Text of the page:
Northwest voters close to approving bond election

Posted Tuesday, Nov. 06, 2012  comments  Print Reprints

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Northwest school district voters appeared close to approving a $255 million bond issue Tuesday that will build a new high school and middle school and upgrade other facilities and programs to handle growth over the next few years.

In unofficial, early results, the bond issue was passing by 60 percent in Tarrant County and 56 percent in Denton County, but trailing in Wise County with 55 percent against.

The bond package will increase property taxes by 7.75 cents per $100 of assessed value, officials said.

Projecting a 5,800 student increase by the 2017-18 school year, the district that has 27 schools in Tarrant, Denton and Wise counties based its request on an 8 to 19 percent annual growth over the last decade, said Superintendent Karen Rue.

Besides the new high school and middle school, which will be built on 137 acres in the north Fort Worth/Haslet area, the bond issue calls for program enhancements for science, math and environmental students and updates to technology and security.

Voters in the Northwest district have approved each of the past three bond elections.

Unofficial results from other ballots show:


Voters approved the proposed sale of almost $70 million in general obligation bonds for construction of a new public safety building and the doubling in size of the city's community recreation center.

More than 77 percent of the voters approved both propositions on the ballot by late Tuesday evening.

"The people have supported both propositions in a traditional manner," said Mayor William D. Tate. "They also seem to support projects that improve the quality of life in our community."

Proposition No. 1 is for bonds to construct a 108,000-square-foot public safety building to house the city's municipal court, police detention center, law enforcement facilities and fire headquarters. Construction is estimated to cost $38.5 million.

Assistant City Manager Jennifer Hibbs said the building would help "the efficiency of both departments working together under one roof."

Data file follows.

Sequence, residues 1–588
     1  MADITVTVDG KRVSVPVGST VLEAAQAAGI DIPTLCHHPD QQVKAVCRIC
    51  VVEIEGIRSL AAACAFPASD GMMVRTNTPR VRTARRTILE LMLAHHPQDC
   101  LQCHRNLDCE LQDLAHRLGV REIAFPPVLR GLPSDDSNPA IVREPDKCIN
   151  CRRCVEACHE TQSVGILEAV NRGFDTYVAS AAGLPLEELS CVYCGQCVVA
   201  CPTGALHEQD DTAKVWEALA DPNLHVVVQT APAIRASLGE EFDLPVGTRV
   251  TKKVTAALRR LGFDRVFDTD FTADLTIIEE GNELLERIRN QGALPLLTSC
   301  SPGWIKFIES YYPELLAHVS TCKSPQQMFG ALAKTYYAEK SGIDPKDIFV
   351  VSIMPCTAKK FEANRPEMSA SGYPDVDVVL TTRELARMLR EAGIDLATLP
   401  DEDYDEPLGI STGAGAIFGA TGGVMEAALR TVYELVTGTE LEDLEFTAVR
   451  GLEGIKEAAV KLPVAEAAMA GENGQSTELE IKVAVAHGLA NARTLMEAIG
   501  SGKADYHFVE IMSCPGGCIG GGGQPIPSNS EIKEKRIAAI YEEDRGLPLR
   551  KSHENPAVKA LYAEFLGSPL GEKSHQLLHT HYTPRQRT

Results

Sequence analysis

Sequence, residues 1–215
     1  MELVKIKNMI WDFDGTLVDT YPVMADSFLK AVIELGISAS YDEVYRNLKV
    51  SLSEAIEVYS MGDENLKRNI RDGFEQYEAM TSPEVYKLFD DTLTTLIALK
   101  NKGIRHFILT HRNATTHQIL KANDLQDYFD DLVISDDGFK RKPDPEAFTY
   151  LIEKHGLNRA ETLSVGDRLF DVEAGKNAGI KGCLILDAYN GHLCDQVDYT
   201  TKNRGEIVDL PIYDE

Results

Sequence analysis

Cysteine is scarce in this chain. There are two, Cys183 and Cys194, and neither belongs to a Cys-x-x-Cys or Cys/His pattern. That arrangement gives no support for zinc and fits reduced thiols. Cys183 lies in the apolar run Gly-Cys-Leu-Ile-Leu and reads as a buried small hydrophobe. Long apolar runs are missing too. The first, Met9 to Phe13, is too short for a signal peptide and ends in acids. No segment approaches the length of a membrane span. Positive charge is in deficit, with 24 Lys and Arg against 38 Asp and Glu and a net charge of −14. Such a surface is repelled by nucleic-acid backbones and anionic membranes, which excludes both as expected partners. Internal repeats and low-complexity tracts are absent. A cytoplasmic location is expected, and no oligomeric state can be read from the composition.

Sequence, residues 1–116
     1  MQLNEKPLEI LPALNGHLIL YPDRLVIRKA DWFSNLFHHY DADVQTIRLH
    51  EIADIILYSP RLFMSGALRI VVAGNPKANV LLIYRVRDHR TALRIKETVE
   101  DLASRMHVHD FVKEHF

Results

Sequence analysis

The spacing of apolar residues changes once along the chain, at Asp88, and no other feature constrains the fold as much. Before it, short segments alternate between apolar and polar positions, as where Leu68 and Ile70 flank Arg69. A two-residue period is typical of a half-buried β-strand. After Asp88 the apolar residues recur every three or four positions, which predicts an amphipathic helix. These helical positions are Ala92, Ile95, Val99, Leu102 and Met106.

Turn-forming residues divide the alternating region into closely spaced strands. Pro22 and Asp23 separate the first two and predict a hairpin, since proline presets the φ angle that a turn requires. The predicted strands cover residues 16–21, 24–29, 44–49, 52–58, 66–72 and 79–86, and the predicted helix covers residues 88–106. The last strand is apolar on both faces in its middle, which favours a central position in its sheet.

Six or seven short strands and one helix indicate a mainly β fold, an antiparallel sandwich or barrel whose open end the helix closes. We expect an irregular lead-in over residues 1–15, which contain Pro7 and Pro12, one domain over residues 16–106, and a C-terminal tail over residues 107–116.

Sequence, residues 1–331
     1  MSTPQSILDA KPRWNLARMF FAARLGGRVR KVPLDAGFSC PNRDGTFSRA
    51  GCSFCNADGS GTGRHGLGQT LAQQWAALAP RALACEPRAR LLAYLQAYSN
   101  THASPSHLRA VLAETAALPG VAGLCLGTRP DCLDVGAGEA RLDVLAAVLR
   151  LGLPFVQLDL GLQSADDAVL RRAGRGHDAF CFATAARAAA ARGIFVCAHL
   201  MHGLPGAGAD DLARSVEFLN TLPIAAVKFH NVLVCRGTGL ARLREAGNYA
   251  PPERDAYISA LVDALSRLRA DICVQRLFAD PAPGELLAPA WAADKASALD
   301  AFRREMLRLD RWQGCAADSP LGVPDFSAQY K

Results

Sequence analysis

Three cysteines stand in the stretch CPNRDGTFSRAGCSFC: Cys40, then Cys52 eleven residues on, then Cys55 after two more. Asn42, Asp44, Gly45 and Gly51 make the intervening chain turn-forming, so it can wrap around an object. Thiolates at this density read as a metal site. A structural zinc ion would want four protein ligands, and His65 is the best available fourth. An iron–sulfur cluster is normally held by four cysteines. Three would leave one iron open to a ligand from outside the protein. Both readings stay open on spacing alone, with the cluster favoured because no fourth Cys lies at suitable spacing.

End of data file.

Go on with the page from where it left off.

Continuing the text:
Proposition No. 2 calls for bonds to add 60,000 square feet to the recreation center, the Community Activities Center. It will include a senior center, indoor pool, multipurpose rooms, game room, lockers, meeting rooms and other amenities. The estimated cost is about $30 million.


Charlie Anderson was destined for City Council Place 2, garnering 62 percent of the vote, compared with 38 percent for Candace Spoon Blair. Rickie Allison and Mark Washburn were unopposed for Places 4 and 6, respectively.


Based on early voting reports only, voters approved a pair of general obligation bonds. Proposition 1 -- for up to $1.5 million for drainage, street, curb, gutter and sidewalk improvements and utility relocations -- passed with 78 percent. Proposition 2 -- for up to $1 million to build, expand and equip parks -- received 67 percent approval.

Pelican Bay

Voters preferred William Morley for Alderman Place 3, with 51 percent over John Shumate's 49 percent, and Glen Oberg for Alderman Place 4 by 48 percent over Sabra Swaim's 30 percent and write-in candidate Rusty Rogers' 21 percent.


A special election was putting Jackie D. Nethery into the unexpired term of Place 6 on the city council, which will expire May 2014, with 48 percent. Challenger Chris Barngrover got 28 percent, while Gary Barber received 24 percent.

Trophy Club

Voters shifted a quarter percent of local sales and use taxes from the Trophy Club Economic Development Corporation 4A to the Trophy Club Economic Development Corporation 4B, with 73 percent of voters approving.

White Settlement

Voters were putting Danny Anderson into City Council Place 4 with 44 percent, compared with 30 percent for Paul Moore, 18 percent for Daniel Munoz Sr., and 8 percent for George Klecan. Steve Ott took Place 5 by 54 percent over Garry Wilson's 46 percent.

All five charter amendments on White Settlement ballots passed with margins from 68 to 74 percent.

Lake Worth school district

Liane Price led in the school board Place 6 race by 57 percent over Donna Hutson's 43 percent. Steve Atchison took Place 5 with 72 percent over Gary Stuard's 28 percent.

Armando Velazquez and Jerry Welch were unopposed for places 3 and 7, respectively.

This report contains material from the Star-Telegram archives.

Terry Evans, (817) 390-7620

Twitter: @fwstevans

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